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It may sound trite, but it is true: size does matter, at least for memory. If you want to run Windows XP, 512 MB RAM is considered the minimum, but we recommend against anything below 1 GB. If you're eyeing Windows Vista, we consider 1 GB the absolute minimum and 2 GB an ideal scenario for mainstream users.
All high end and mainstream platforms utilize dual channel memory configurations, and even low-end systems increasingly do so as well. This means that two (or four) memory modules are plugged into the DIMM sockets so the memory controller can effectively double the memory bus from 64 bits to 128 bits, doubling bandwidth.
Three memory types are currently on the market: DDR, DDR2 and DDR3. The abbreviation stands for "Double Data Rate", which means that data is transferred during both the rising and falling edges of the clock signal. Although it is possible to run quadruple data transfers per cycle - referred to as quad data rate or QDR - both DDR2 and DDR3 are also based on double data rate technology.
DDR is available in speeds ranging from 100 and 200 MHz (DDR200 to DDR400), while DDR2 is specified for 133, 166 and 200 MHz (DDR2-533, DDR2-667, DDR2-800). DDR3 has just been launched at 533 MHz (DDR3-1066), with 667, 800 and probably even 1 GHz on the roadmaps.
DDR requires a standard operating voltage of 2.5 V; DDR2 runs at a nominal voltage of 1.8 V; and DDR3 requires 1.5 V. However, many products in the enthusiast space require higher voltage levels to reach their maximum clock speed or ideal timing parameters. The memory specifications are based the theoretical throughput: DDR400 is referred to as PC3200 (3.2 GB/s), DDR2-800 as PC2-6400 (6.4 GB/s) and PC3-8500 (8.5 GB/s). These values represent single channel operation.
Each memory technology has a sweet spot, which is defined by the available memory densities. In case of DDR memory it was a total dual channel capacity of 2x 512 MB. DDR2 has its ideal capacity at 2x 1 GB, and DDR3 DIMMs will quickly move to 2x 2 GB next year.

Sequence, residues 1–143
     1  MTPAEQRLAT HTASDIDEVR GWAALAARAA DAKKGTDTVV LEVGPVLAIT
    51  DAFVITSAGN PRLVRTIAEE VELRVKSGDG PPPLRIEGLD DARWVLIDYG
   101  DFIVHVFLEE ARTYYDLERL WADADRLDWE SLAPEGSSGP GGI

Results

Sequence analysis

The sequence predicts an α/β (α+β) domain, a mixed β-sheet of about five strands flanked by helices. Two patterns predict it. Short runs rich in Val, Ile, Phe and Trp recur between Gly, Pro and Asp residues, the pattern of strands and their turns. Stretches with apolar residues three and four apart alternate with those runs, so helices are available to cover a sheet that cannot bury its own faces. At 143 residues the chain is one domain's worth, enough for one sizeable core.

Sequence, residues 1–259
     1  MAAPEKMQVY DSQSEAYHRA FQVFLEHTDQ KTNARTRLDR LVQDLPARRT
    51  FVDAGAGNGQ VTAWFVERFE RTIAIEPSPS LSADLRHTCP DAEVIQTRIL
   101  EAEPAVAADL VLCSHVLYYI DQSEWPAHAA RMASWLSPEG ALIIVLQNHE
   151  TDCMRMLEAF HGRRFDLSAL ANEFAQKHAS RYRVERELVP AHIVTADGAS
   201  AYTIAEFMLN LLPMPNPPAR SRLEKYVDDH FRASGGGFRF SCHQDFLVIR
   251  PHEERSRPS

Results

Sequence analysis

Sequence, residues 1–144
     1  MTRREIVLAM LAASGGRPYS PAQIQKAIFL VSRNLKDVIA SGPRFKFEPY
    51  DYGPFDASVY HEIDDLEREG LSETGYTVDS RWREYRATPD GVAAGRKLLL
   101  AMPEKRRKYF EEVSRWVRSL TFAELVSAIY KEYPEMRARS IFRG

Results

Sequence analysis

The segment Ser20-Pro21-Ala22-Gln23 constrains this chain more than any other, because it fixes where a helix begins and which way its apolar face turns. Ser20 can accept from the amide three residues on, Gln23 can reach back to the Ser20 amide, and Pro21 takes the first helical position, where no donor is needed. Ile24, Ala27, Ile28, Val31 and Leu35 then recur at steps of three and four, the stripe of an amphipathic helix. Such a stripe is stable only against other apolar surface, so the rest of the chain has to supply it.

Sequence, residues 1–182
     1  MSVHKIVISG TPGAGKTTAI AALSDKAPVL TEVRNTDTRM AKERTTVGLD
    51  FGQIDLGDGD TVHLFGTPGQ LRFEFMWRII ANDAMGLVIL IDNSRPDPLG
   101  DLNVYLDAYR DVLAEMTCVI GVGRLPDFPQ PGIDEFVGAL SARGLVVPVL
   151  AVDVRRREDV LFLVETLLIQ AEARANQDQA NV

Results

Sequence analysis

Of course, memory type and clock speed isn't everything. Memory is arranged in matrices, and accessing memory cells adds delays, referred to as latency. There are multiple parameters: a setting such as CL5-5-5-15 refers to the clock cycles for CAS (Column Address Strobe), RAS-to-CAS delay, RAS precharge and RAS (Row Address Strobe). Most users are fine if they remember that CAS Latency (CL) has been the dominant parameter.
Whether you want to tighten the timing parameters or increase clock speed, both require increased memory voltage. In case of DDR, speeds of up to DDR600 were reached with high-grade memory chips at around 3 V. DDR2 as presented in this article requires up to 2.45 V to perform with short timings and up to DDR2-1280 speeds. We expect DDR3 memory to max out at around DDR3-2000 and roughly 2.0 V, but this may take many months. A 10% overclock can usually be achieved on all sorts of memory, but don't expect mainstream or value memory to overclock really well.
As you start overclocking your memory, you will find that you are restricted to certain clock speed settings by your motherboard. The reason is that the memory clock is typically derived from the system clock speed (Intel) or the processor clock speed (AMD) - the system has to work with a certain ratio between system and memory clock (3:2 or 1:2), often referred to as the divider or multiplier. An example would be a Core 2 Duo system at FSB1066 (266 MHz): DDR2-533 at its 266 MHz speed would run with a 1:1 ratio, while DDR2-667 requires a 4:5 ratio and DDR2-800 requires 2:3. Sometimes there are ratios to allow users the selection of memory speeds above existing specifications. The traditional approach is increasing the system speed, while having an eye on the CPU clock speed, which is also derived from the system speed and will overclock. As you increase system speed you might have to adjust the memory ratio.